June 21, 2016 (6:51 p.m.)
I’m sitting at a table on the sidewalk of the first cafe we visited when we arrived in Paris more than a week ago. The same cafe with the server who humored my French (he’s serving me again tonight). It’s drizzling. There’s a black pitt bull puppy chewing on a bone on a patch of faux grass in front of the cafe. His guardians are sitting nearby, flicking cigarettes onto Rue Jacob. The cafe is located on the same street as my apartment, and I’ve decided this is my place. They serve my favorite tea. I’m not drinking tea. The menu claims Hemingway wrote here, too, but it doesn’t have the same snooty vibe (or outrageous prices) as the cafes around the corner. I ordered the large glass of wine. It came with a bowl of sweet-and-salty peanuts. I adore the French propensity for serving snacks with beverages. Peanuts with wine. Olives with cocktails. A square of chocolate with espresso. It’s elegant and sensible all at once.
As I wandered this morning, I started to realize how much I’m reveling in the unexpected. I didn’t think I’d fall in love with a cafe within sight of my temporary home. A few days ago, I found myself in a passageway in the evening where I came upon huge windows that looked into the sculpture gallery of the Louvre. The museum was closed, and I got a glimpse of Greek and Roman sculptures without a soul in sight. Then there was the somewhat spontaneous trip to London yesterday where I quickly learned what John Lennon meant by “standing in the English rain.” The border control agent admitting travelers into the country was full of menacing questions about my profession and my publication – for a minute I thought I wasn’t getting into the UK. Then on the way home, the handsome French border control agent said “Enchante” when he took my passport. After he stamped it, he winked and said, “That’s my phone number. Give me a call.” (Picture me turning 50 shades of red.)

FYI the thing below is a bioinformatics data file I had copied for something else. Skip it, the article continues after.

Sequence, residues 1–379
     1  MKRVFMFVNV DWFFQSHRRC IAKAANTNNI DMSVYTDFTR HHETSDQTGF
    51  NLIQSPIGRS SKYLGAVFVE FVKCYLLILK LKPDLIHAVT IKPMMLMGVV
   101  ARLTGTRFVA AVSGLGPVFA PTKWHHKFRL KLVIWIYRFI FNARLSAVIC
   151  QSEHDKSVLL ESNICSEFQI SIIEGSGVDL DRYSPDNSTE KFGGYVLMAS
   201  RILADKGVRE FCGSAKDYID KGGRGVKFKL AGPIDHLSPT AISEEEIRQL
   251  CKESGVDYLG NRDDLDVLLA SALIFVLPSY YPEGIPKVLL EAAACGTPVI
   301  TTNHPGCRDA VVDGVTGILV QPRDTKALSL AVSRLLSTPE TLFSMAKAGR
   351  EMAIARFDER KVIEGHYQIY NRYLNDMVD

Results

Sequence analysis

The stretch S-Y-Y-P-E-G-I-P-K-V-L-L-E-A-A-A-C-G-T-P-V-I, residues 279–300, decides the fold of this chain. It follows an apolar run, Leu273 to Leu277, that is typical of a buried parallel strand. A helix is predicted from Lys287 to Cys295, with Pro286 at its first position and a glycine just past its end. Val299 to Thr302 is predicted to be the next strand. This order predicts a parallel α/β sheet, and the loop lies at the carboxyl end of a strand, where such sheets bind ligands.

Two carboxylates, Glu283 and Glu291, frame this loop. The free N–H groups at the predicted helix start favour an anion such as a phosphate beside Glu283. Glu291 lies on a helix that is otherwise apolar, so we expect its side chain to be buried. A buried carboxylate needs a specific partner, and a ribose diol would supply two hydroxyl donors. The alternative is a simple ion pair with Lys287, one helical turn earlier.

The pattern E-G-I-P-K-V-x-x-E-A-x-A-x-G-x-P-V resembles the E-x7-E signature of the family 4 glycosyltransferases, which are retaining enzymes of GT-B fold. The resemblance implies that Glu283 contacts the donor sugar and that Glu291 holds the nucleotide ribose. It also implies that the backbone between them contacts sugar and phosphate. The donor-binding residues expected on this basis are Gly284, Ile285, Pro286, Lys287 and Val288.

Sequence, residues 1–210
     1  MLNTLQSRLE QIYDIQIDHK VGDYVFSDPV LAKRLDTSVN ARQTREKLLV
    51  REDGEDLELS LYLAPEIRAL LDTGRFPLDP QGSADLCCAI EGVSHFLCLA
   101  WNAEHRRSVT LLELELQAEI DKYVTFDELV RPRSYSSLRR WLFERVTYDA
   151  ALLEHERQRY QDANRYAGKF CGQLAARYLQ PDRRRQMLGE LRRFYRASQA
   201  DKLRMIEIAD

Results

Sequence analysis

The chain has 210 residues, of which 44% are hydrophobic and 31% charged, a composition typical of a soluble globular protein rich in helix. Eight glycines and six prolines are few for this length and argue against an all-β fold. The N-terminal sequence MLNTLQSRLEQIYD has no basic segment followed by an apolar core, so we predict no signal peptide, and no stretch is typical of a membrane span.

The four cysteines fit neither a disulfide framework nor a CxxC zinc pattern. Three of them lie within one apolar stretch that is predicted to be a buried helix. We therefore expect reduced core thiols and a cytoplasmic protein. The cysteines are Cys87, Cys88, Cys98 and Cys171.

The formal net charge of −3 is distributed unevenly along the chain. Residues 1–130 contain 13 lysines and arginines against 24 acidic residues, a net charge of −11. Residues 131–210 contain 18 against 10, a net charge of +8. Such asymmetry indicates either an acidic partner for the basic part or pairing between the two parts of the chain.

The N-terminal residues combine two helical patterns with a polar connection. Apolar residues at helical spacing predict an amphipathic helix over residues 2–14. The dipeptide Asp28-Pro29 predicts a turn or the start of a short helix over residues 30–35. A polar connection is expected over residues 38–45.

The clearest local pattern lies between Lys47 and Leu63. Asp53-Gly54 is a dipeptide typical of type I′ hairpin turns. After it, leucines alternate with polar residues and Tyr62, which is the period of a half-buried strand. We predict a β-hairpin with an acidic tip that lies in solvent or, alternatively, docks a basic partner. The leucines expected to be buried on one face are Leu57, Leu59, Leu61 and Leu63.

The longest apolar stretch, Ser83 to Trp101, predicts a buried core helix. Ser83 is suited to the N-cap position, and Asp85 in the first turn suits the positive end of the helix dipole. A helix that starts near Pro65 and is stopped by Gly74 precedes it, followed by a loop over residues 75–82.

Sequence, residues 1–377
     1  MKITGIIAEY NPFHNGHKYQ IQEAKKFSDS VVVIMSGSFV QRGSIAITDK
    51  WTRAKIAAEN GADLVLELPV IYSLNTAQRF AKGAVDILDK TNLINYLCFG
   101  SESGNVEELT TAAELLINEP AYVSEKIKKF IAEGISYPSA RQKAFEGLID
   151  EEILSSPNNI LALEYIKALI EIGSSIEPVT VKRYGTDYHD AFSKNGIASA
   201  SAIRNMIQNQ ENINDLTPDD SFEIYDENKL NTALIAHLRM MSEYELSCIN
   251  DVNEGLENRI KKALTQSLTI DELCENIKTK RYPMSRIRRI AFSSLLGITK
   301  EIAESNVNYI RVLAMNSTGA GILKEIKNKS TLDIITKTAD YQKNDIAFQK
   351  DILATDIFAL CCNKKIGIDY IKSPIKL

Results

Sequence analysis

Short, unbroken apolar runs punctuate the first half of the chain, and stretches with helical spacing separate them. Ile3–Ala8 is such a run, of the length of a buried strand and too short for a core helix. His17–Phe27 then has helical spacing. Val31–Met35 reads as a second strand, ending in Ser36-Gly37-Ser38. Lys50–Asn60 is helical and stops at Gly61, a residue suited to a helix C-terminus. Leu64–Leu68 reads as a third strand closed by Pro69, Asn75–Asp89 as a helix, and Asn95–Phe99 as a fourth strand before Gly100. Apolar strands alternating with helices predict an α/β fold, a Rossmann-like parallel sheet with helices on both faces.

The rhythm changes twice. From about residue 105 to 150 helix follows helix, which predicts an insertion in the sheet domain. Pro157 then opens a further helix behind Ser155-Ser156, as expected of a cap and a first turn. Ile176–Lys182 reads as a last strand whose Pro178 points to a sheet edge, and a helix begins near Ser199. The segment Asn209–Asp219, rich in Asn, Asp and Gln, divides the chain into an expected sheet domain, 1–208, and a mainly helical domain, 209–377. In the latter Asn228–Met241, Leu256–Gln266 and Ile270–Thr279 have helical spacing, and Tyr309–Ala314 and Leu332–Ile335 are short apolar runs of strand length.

While exploring Paris’ covered shopping passages today (thanks for the suggestion, Camille), I came upon a band sound checking for tonight’s Fete de la Musique celebration. Then I walked into a boutique filled with glittering amber jewelry from the Baltic and fell into a conversation en francais with the shop manager whose daughter loves the U.S. the same way I love France. Other delightful surprises: Being mistaken as a Parisian twice today. An elegant woman rocking plaid pants and a striped jacket all at once. My travels coinciding with the French sale season (yes, sales are regulated by the government here.) Buying pajamas in London on Oxford Street because the godforsaken European washing machine in my apartment ruined mine. The way tripods make tourists look like pros while selfie sticks make them look like asses. The realization that the French really do carry baguettes under their arms. They also know how to make a mean salad. Sancerre is just as expensive in Paris as it is in Arizona. Right now, it’s trendy to serve red Cotes du Rhone chilled. When you stop into Starbucks to FaceTime with your husband, don’t be surprised if there are pigeons wandering around. When you walk into Colette, the toniest fashion boutique in Paris, act like you own the place or else you’ll be intimidated and leave. When you wander upstairs and find yourself welcomed into a party with a DJ using office supplies to create tunes (think tape measure and stapler), hang out for a while. Politely accept the swag sac.
Lastly, when exploring a city on your own, sometimes it’s better to leave the umbrella and map at home. –Erika Ayn Finch